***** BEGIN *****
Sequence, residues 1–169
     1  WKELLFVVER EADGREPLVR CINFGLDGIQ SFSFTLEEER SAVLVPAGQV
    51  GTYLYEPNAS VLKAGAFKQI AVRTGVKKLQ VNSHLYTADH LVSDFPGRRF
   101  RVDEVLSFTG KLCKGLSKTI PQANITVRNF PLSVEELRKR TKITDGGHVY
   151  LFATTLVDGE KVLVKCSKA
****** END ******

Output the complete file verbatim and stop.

Sequence, residues 1–169
     1  WKELLFVVER EADGREPLVR CINFGLDGIQ SFSFTLEEER SAVLVPAGQV
    51  GTYLYEPNAS VLKAGAFKQI AVRTGVKKLQ VNSHLYTADH LVSDFPGRRF
   101  RVDEVLSFTG KLCKGLSKTI PQANITVRNF PLSVEELRKR TKITDGGHVY
   151  LFATTLVDGE KVLVKCSKA